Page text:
12 entries
  • "I am so sorry for the loss of such a warm wonderful man. I..."
    - Angela Radogna
  • "My deepest condolences to everyone in Anthony's family...."
    - Don Capria
  • "With my deepest sympathy for the loss of a remarkable man..."
    - Mark F
  • "Anthony, sharing in your sadness as you remember your..."
    - Maria Luisa Perez
  • "My condolences to you Anthony and your family for the loss..."
    - Martin Molina
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Edward, Sr. Passed away quietly in his sleep on January 6, 2017, in his home in San Diego, CA, where he had resided with his loving wife of 49 years, Carol Colombo. Formerly of New York, Anthony was the eldest son of the late Joseph A. Colombo, Sr., and Lucille (Faiello) Colombo. Born on February 25, 1945, in Brooklyn, NY, he was 71 years old. Anthony was a beloved husband, father, and grandfather who was most happy when surrounded by his family. A traditionalist and great cook, he always made sure everyone was together for Sunday dinner. He will be remembered by all for his sincerity and stoicism. He stood a stalwart oak in the face of adversity. Anthony was a graduate of Valley Forge Military Academy. He worked tirelessly as a civil rights activist alongside his father who founded the Ita- lian-American Civil Rights League in 1970. The League was formed to combat discrimination against Italian- Americas. Through organized protests, the League quickly formed into a massive grass-roots movement mobilizing the Italian-Amer-ican community in New York, and around the country, into one unified voice. Together Anthony and his father successfully obtained a Presidential Directive issued to the United States Justice Department to refrain from using the terms "Mafia" and "Cosa Nostra." They were instrumental in ensuring those same terms were deleted from the critically acclaimed film the "The Godfather." Through their efforts, just some of the League's many accomplishments also included the first Italian-American Studies Program added to the school curriculum by the New York City Board of Education. Ever a loyal son, in honor of his father, in December of 2015, Anthony authored, "Colombo: The Unsolved Murder." The book chronicled Anthony's life beside his father, and the conspiracy theories surrounding his father's death. On June 28, 1971, Anthony's father had been tragically shot several times at a civil rights rally in front of a crowd of thousands gathered at Columbus Circle in New York. Anthony most recently lectured for the Italian-American Studies Association about his experience as a civil rights activist, organizing protests, and combating discrimination. Anthony is survived by his wife Carol Colombo, their four children, and four grandchildren.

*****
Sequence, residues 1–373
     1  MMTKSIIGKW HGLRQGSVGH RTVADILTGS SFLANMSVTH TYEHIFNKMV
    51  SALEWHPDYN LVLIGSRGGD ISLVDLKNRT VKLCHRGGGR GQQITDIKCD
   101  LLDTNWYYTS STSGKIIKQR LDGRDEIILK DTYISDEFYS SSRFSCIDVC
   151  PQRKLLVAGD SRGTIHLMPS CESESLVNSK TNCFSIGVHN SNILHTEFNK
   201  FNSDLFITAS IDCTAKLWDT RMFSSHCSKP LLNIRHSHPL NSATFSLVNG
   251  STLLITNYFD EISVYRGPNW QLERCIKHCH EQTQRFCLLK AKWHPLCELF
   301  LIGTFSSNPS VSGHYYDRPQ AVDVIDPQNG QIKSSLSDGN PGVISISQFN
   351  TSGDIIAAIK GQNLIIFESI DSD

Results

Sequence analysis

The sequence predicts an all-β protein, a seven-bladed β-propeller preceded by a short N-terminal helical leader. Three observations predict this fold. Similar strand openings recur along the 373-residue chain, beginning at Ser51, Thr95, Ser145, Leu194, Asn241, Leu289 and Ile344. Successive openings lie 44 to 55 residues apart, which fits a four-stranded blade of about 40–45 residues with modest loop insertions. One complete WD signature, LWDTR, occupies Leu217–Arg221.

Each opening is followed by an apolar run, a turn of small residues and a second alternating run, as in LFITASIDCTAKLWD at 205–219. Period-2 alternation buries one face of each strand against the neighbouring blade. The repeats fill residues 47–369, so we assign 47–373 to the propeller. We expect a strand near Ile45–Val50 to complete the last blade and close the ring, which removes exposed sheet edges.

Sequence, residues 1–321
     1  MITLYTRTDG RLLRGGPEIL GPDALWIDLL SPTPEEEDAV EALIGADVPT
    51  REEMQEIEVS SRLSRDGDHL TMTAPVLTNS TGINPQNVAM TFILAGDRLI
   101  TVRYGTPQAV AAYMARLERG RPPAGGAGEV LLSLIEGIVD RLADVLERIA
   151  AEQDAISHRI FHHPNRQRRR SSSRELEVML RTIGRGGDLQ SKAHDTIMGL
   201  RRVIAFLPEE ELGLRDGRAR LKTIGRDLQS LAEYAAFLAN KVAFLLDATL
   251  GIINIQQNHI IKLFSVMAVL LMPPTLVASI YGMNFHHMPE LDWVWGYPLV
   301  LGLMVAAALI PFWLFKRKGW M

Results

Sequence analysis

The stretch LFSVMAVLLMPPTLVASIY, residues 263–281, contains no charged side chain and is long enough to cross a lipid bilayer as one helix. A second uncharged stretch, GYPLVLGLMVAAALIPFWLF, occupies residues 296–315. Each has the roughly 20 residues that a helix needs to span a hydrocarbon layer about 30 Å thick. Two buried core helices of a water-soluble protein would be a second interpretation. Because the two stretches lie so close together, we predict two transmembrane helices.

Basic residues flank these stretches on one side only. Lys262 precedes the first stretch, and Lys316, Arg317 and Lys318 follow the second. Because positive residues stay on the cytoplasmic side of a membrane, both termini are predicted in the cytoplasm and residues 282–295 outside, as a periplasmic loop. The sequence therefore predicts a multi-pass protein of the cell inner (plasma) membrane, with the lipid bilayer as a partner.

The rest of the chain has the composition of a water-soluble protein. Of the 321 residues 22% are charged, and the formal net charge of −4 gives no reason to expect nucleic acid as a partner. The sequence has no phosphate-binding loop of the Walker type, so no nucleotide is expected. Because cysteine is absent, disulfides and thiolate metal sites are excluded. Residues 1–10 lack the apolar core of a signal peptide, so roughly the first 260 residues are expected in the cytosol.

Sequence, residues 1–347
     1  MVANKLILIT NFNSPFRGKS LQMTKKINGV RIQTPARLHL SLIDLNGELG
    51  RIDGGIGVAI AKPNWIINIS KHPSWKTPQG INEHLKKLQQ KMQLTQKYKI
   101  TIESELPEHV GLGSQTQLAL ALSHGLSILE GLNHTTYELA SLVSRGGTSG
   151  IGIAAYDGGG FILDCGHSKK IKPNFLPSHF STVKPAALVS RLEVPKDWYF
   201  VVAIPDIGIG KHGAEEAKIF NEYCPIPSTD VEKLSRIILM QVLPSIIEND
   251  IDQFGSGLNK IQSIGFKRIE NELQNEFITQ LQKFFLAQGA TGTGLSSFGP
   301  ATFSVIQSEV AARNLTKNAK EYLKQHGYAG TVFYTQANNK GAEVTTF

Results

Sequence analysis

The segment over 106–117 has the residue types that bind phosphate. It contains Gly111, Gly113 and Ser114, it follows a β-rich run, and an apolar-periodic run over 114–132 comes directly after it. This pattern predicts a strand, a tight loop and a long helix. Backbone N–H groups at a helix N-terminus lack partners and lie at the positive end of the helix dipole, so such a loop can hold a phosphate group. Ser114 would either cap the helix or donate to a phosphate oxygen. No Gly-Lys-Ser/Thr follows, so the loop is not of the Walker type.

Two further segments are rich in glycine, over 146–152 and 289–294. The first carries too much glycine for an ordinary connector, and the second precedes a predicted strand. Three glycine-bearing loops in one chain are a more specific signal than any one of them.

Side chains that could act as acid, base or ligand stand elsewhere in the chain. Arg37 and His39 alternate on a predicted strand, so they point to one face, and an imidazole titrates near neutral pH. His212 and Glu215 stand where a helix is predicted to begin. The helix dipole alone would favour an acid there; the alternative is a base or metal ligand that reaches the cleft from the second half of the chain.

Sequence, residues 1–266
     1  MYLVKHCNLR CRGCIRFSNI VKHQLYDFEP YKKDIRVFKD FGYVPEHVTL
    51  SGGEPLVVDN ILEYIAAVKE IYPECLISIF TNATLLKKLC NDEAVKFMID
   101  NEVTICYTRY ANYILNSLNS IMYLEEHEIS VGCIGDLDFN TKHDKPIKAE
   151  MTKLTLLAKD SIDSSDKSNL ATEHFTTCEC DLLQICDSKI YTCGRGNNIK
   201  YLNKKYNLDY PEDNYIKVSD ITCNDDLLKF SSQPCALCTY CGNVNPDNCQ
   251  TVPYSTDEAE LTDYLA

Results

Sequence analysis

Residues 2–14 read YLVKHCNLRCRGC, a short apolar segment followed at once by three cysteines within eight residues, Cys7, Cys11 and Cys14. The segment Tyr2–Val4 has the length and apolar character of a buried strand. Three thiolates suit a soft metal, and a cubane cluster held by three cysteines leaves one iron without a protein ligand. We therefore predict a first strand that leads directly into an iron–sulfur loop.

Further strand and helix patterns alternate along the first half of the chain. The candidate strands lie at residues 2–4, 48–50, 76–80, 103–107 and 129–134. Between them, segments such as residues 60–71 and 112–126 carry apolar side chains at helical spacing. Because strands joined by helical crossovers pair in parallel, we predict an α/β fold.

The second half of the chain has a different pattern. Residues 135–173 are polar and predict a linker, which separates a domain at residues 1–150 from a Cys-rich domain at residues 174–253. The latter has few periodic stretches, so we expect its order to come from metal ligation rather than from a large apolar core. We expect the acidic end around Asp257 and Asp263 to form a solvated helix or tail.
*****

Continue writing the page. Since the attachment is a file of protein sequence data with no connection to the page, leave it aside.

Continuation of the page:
Published in The New York Times on Jan. 20, 2017
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